“A step forward” for staffing and patient care in NSW


NSWNA general secretary, Brett Holmes said the staffing changes in the new agreement with the State Government, are a big step forward for staffing and patient care in the NSW public health system.

“While there are still some areas that need work in future agreements, these new arrangements do provide for minimum, legally-enforceable staffing ratios in most hospital settings. The improvements are an acceptance by the State Government that the principle of mandated, minimum nurse-to-patient ratios is important if we are to improve the quality of the NSW hospital system.

“NSWNA members can see that and have voted to lock in the gains made during this first nurse-to-patient ratio’s campaign. We will continue to build on these gains in the years ahead, especially in the areas of skill mix, community health, other specialties and smaller hospitals.”

The proposed improvements will deliver approximately 1400 extra full-time-equivalent nurses in NSW hospitals by 2013 and more than 80 per cent of them will be registered nurses.

The extra 188 resuscitation nurses should see significant improvements in the quality and timeliness of care in the State’s larger emergency departments.

“Emergency department nurses themselves identified these extra nurses as their biggest priority and NSW Health is to be congratulated for listening to these experienced staff.

“Unfortunately NSW H ealth has not been as cooperative, at this stage, on community health services and that is something the NSWNA will be working very hard on over the next couple of years.

“The NSWNA will continue to remind the NSW and federal governments that community health services are an essential link in our hospital and healthcare system. They are, in fact, the future of healthcare for most Australians and we need to get the nursing and midwifery levels right if they are to do the important and expanding job expected of them.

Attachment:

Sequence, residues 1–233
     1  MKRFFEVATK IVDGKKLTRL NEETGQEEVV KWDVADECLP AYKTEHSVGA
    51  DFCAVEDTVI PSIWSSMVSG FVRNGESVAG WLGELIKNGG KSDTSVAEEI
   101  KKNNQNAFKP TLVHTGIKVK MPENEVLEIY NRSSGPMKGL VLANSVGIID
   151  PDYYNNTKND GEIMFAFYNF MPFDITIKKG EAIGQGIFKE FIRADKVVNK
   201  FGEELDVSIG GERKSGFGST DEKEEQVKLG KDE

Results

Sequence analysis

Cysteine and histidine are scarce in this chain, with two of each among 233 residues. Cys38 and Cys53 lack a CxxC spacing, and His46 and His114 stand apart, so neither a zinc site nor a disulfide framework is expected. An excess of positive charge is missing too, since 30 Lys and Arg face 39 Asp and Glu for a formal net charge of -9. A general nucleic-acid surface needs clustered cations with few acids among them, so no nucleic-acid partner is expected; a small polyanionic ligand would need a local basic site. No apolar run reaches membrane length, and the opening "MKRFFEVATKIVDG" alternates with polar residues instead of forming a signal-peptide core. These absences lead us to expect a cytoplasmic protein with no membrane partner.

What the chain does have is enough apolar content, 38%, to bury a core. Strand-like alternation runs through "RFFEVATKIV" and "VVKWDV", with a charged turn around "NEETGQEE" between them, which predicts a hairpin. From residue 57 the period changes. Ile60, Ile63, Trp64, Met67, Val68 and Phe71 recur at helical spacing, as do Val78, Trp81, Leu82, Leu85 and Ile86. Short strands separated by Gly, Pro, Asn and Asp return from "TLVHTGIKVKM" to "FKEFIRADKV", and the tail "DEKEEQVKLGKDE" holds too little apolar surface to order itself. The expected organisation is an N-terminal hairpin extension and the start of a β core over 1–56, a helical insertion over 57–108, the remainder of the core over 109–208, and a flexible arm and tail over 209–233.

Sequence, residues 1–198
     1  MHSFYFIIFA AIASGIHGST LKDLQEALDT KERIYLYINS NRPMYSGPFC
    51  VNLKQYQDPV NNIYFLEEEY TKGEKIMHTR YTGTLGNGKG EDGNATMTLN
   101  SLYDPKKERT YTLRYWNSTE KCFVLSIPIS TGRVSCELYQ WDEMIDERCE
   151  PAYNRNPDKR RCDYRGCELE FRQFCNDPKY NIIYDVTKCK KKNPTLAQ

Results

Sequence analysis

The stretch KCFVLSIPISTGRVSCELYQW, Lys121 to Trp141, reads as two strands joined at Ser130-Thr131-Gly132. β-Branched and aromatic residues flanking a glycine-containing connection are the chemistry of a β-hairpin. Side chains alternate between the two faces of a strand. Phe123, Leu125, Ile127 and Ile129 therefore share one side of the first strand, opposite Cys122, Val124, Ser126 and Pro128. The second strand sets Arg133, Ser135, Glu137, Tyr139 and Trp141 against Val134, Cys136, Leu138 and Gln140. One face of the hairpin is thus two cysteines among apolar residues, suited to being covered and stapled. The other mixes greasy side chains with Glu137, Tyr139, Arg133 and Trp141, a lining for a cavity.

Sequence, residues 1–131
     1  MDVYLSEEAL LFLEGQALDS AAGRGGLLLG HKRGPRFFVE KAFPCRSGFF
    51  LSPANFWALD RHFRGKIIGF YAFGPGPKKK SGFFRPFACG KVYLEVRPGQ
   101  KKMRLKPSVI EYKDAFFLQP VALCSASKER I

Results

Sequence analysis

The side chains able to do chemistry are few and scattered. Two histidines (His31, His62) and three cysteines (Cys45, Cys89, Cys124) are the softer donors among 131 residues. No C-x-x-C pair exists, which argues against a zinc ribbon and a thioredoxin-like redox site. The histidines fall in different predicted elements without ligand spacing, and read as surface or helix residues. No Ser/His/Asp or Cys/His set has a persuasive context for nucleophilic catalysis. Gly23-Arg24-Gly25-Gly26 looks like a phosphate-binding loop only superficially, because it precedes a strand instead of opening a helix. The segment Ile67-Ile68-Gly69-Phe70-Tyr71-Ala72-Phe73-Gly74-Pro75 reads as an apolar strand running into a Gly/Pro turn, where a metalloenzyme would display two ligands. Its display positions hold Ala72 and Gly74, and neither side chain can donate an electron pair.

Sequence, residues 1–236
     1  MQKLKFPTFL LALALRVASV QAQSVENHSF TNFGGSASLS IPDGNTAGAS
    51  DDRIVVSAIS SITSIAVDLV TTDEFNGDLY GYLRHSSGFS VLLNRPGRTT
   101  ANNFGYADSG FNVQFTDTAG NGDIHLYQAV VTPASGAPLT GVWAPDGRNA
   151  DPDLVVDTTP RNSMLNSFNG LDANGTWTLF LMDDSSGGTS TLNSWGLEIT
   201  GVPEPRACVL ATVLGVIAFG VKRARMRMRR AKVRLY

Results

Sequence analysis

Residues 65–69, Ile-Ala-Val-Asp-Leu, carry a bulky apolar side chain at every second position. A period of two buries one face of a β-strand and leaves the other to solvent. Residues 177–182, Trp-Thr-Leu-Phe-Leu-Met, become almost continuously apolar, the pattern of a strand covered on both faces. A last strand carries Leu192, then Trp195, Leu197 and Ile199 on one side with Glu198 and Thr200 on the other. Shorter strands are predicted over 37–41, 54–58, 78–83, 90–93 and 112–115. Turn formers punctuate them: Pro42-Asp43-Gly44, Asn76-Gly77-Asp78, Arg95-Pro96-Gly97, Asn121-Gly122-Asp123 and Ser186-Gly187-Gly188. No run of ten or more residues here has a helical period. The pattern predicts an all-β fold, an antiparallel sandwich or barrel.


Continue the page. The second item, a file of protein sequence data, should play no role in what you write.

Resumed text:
“So, while there is still some work to be done, there is also no doubt that this new pay and staffing agreement represents a significant and positive reform of our public healthcare system.” Mr Holmes said.

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  1. I was looking forward to the possibility of total pt care (TPC) until my present NUM who I actually thought was a forward thinker stated that she preferred team nursing and that rather than having your own pt’s and doing everything for them she wanted to keep the current way of doing things where you have 8-10 pts with an EN or EEN and she will actually have RN’s doing the EN role rather than have TPC practised on her ward. There are +’s for both methods, but I find the negative is that when you don’t look after the Whole pt and are just handing out meds and chasing dr’s or allied health etc all day you can miss vital information about your pt if the person you are working with does not pass the info on. I am a former EN and I loved that role, I also miss that part of the job and I understand that most of the RN’s doing the EN role for a shift enjoy this aspect of personal care for their pt and thats why it happens. My NUM believes that working with someone else alleviates mistakes or things being missed in the care and that is why she organises the ward this way. I was looking forward to TPC with support if needed from the team but I can’t see this happening on this particular ward and wonder if there are any wards out there that actually do this as it is why I became an RN. I will keep searching for my nirvana LOL as that is another reason I became an RN as I now have the flexibility to go where I want and not get stuck somewhere that I will become bitter and whinge all day which I see happening around me some days.


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